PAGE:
Martin Ordonez, one of UBC’s two new Canada Research Chair recipients, works to maximize the use of wind power and other sources of renewable energy. Photo: Jok2000, Wikimedia Commons.
Research ranging from Latin poetry to neuroethics at the University of British Columbia has received an $8.5 million boost in federal funding for eight professors appointed or renewed as Canada Research Chairs.
The Minister of National Revenue Kerry-Lynne Findlay announced UBC’s two new recipients and six renewals at an event on the Vancouver campus to recognize B.C. appointees. The event featured the work of Martin Ordonez, an assistant professor in the Department of Electrical and Computer Engineering, who was named a new Chair in Power Converters and Renewable Systems. His work aims to maximize the use of renewable energy from wind, solar, and the ocean by developing the next generation of power conversion and storage solutions to produce low emissions power.
UBC is home to 187 Canada Research Chairs and one active Canada Excellence Research Chair.
“The CRC program strengthens UBC’s leading role in world-class research, attracting the best and the brightest minds to work here,” said John Hepburn, UBC vice-president, research and international. “The work of these professors creates lasting change within Canada and beyond.”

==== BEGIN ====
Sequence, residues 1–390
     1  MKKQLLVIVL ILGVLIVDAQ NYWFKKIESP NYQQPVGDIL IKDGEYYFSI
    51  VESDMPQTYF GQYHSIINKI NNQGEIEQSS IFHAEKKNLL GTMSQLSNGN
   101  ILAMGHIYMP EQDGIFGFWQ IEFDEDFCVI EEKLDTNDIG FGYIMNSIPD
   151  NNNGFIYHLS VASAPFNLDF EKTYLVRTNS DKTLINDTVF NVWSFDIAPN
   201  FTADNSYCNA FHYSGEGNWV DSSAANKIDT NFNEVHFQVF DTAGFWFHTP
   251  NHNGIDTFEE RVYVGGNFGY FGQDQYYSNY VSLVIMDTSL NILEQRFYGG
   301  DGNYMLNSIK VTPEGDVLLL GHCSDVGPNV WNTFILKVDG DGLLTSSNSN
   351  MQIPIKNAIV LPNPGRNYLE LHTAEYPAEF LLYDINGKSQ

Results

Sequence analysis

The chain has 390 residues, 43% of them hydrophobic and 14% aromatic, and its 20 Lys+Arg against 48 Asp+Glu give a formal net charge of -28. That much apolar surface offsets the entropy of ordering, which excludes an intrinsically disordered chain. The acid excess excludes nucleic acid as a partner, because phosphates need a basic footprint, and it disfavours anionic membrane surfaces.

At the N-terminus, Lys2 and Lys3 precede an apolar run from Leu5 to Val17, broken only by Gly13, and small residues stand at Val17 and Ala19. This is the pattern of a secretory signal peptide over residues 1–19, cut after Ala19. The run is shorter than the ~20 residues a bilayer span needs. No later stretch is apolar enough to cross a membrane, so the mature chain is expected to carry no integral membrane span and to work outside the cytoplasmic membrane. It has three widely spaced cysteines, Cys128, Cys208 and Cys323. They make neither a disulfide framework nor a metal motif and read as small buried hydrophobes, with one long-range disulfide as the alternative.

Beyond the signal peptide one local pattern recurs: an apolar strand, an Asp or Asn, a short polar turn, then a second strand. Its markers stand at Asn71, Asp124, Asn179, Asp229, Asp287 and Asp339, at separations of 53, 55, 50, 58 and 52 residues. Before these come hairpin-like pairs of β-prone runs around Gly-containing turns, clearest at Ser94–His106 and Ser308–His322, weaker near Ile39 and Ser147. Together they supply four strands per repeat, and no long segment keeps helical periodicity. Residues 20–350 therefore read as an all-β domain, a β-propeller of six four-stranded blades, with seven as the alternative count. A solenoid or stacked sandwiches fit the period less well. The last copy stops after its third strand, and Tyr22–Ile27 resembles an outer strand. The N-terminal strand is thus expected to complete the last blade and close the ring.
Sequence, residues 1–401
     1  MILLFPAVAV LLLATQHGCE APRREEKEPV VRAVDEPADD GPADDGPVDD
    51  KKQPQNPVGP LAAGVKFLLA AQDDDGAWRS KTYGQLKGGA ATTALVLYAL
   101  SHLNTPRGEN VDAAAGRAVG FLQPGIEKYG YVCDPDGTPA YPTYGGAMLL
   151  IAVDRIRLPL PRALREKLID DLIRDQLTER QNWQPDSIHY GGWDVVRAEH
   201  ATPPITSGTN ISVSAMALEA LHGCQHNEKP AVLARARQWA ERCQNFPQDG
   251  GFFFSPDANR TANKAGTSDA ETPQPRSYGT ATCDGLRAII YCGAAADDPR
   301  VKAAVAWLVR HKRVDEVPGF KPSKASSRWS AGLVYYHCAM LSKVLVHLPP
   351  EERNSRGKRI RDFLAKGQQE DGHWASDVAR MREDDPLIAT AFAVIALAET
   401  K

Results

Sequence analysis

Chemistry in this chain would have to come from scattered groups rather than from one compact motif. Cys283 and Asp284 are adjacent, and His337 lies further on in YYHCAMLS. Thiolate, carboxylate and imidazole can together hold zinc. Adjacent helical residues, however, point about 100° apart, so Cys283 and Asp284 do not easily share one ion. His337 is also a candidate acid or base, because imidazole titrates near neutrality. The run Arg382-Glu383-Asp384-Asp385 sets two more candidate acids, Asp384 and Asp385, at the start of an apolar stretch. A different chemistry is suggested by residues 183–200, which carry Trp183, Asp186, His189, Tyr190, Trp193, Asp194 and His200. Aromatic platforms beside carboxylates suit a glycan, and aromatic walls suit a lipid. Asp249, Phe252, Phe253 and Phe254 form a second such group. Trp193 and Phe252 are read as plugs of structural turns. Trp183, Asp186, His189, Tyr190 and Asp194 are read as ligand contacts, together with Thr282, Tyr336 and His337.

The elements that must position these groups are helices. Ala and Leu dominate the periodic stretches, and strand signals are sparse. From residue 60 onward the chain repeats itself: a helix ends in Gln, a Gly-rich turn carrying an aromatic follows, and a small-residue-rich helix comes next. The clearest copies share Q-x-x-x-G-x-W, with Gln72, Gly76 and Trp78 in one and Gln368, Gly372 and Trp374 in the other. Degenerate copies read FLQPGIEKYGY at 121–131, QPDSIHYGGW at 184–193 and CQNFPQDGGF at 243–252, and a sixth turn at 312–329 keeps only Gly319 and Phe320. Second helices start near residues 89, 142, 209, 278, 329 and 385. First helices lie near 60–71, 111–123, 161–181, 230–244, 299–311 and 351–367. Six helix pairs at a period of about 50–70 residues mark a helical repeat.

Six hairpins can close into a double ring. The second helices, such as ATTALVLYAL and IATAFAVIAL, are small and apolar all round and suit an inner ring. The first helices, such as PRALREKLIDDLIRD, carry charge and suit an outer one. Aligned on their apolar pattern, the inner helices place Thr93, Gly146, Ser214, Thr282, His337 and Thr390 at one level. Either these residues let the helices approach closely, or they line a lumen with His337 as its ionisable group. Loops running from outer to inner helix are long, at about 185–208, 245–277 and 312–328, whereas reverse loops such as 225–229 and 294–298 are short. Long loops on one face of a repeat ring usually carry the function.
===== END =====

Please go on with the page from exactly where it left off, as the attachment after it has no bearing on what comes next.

For more information about the Canada Research Chair program, click here.
Newly appointed CRCs at UBC are:
Vanessa Andreotti, Chair in Race, Inequalities and Global Change
Andreotti studies education for and about international development, and its impact on marginalized populations. She started her career in Brazil and worked in Finland, New Zealand, and the United Kingdom before coming to Canada in 2013.
Martin Ordonez, Chair in Power Converters for Renewable Energy Systems
Ordonez studies ways to enhance renewable energy sources (solar, wind, ocean current) using technology. He is from Argentina and did his graduate work at Memorial University in Canada.
Renewed CRCs at UBC are:
Susanna Braund, Chair in Latin poetry and its Reception
Braund studies the poems of Virgil, investigating the appeal classical Latin poetry has in western intellectual history.
Jiahua Chen, Chair in Statistical Inference
Chen uses statistic models to tease out information for the study of genetic diversity and for pinpointing the genetic origins of disease.
Denise Daley, Chair in Genetic Epidemiology of Common Complex Diseases
Daley studies genetic susceptibility to asthma and other common diseases.
Erica Frank, Chair in Preventive Medicine and Population Health
Frank studies medical education and how a doctor’s health can impact their patients’ health.
Joseph Henrich, Chair in Culture, Cognition and Evolution
Henrich studies how people learn from one another and its relation to human evolution.
Judy Illes, Chair in Neuroethics
Illes studies the ethics of neuroscience, a field that allows us to understand, monitor and potentially manipulate human thought using technology.